2005 British and Irish Lion Donncha O'Callaghan offered no apologies for the style in which Munster were crowned European champions after a ferocious Cup final victory over Toulouse.
The powerful Munster forwards stifled much of Toulouse's natural exuberance and, after edging ahead for the final time with 15 minutes remaining, closed out the game in cold, clinical fashion.
Munster's captain Paul O'Connell, also a 2005 Lion, even declined a kickable penalty with 90 seconds left because it risked handing possession back to Toulouse, who had already served notice of their potential to create a try from nothing.
Instead, Munster took the quick tap and kept the ball at close quarters, eating up the seconds until referee Nigel Owens blew up to confirm their second European title.
"It may be boring but who cares?" said O'Callaghan, his face scarred and body sore from a fierce forwards encounter.
"I have got a medal in my pocket."
It was the 10th of 13 European Cup finals to be decided by less than a converted try and O'Callaghan believes Munster, under the stewardship of Declan Kidney for the last time, were better prepared for such a contest.
The Munster forwards won crucial collisions at the breakdown and in the scrum, successfully disrupting Toulouse's possession, and Jean-Baptiste Ellisalde was made to look exactly what he is - a stand-in fly-half.
Munster came roaring into the game after a slow start and Denis Leamy pounded over the line to earn a narrow 10-6 half-time lead.
The match seemed to be turning Munster's way when Toulouse captain Fabien Pelous was sin-binned for aiming a petulant kick at the magnificent Alan Quinlan.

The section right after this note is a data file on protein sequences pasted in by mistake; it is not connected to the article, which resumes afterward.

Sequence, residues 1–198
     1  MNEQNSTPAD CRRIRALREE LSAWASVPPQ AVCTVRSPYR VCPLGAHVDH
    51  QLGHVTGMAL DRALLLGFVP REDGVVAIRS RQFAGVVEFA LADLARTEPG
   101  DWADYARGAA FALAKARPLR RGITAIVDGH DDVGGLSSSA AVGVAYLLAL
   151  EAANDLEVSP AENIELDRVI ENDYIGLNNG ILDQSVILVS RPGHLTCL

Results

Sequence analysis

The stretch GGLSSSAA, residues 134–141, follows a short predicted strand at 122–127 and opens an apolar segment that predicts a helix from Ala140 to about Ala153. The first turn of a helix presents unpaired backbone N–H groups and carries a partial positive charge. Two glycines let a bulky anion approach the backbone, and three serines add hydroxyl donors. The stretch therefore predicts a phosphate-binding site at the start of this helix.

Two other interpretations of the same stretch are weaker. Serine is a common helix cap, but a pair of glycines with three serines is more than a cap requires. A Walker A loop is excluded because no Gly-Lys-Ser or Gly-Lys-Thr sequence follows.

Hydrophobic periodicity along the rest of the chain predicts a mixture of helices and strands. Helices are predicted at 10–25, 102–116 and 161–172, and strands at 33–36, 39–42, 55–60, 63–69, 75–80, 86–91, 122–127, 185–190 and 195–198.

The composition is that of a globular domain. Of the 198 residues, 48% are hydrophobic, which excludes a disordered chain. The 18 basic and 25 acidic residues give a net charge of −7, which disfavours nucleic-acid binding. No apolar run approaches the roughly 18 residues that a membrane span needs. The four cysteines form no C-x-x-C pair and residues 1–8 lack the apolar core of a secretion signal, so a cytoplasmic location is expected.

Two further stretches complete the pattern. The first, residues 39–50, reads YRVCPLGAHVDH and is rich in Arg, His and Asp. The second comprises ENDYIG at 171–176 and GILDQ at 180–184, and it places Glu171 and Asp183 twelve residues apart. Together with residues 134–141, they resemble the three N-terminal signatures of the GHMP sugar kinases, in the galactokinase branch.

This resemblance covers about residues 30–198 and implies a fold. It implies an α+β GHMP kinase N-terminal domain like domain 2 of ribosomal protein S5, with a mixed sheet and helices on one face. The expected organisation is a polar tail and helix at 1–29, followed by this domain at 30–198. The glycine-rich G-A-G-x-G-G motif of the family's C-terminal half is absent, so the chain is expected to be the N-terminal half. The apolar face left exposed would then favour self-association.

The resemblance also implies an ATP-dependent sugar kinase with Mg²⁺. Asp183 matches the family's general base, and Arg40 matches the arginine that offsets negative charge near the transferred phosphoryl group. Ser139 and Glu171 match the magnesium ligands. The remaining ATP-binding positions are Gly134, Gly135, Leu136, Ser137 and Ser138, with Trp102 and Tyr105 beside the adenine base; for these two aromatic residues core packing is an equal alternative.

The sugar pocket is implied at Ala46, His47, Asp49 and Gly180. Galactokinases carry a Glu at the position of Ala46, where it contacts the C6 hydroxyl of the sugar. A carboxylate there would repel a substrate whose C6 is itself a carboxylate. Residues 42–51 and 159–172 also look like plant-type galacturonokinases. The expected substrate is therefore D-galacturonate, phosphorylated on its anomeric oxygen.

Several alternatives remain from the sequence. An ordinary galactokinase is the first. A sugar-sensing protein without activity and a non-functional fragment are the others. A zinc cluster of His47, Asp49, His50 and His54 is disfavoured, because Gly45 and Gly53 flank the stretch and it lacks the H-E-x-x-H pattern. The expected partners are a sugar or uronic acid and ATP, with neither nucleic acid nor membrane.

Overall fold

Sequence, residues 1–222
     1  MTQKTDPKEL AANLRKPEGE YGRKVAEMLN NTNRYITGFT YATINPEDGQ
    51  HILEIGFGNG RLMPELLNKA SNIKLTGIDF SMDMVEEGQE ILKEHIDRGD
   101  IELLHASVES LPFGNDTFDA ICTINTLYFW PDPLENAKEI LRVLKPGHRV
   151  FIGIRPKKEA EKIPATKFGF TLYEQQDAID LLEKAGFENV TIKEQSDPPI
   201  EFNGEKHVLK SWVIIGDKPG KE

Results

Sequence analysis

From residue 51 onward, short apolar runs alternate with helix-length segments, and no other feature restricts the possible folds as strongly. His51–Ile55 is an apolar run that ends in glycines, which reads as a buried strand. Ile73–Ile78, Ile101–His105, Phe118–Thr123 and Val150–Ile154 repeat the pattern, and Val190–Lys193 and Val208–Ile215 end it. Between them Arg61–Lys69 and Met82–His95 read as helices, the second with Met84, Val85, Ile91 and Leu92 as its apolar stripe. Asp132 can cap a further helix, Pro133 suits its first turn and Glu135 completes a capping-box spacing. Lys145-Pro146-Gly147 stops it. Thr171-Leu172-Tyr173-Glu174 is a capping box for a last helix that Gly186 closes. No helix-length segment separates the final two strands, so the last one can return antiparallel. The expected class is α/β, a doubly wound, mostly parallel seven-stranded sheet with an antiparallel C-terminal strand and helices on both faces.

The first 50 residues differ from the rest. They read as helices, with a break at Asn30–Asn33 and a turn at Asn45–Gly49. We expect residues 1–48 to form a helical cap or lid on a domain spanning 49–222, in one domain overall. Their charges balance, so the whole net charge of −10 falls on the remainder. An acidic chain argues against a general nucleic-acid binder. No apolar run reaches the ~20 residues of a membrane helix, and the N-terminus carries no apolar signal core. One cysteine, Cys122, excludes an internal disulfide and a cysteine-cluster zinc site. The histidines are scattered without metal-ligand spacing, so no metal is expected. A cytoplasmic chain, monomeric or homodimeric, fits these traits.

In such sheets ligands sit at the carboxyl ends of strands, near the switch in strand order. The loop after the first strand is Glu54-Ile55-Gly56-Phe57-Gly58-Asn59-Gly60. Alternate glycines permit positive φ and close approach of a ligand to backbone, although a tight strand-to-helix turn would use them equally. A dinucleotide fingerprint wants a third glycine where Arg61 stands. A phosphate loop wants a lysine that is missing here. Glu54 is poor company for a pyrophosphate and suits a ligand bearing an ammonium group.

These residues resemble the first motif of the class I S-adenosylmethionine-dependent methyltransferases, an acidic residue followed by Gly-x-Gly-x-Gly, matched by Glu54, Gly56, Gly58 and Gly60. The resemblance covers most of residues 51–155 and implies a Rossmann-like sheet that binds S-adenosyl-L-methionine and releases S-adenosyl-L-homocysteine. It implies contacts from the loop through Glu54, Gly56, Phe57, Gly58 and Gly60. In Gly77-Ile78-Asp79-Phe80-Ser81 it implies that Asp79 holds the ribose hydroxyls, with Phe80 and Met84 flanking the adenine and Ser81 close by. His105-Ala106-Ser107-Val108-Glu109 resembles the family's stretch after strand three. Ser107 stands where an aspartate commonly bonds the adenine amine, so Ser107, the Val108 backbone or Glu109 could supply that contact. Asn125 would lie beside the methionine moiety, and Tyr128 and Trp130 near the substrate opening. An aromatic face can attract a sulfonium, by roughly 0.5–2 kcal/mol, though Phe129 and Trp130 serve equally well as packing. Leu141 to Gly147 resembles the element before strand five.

But despite being down to 14 men the French giants drew level at 13-13 when a dash of brilliance from Cedric Heymans created the opening for winger Yves Donguy to score.
Pelous returned but was penalised again, this time for not rolling away in the tackle, and Ronan O'Gara landed his third penalty of the day to earn Munster the vital final advantage.
Munster then turned the screw to give Kidney, who takes over as Ireland coach later this summer, and Australia-bound assistant Jim Williams the perfect send-off.
"It's incredible," said O'Callaghan. "We knew it was going to come down to small margins. The thing is that you learn from experience from the tight games you play like this before.
"It comes from playing in the All Ireland League, schoolboy rugby and how to win it out. It might be boring but who cares? It is effective for us.
"There was just such a great sense of belief even when we were behind the posts after their try. We looked around and there was that belief that we were not going to lose.
"It's great that we are sending the coaches off on the biggest high possible."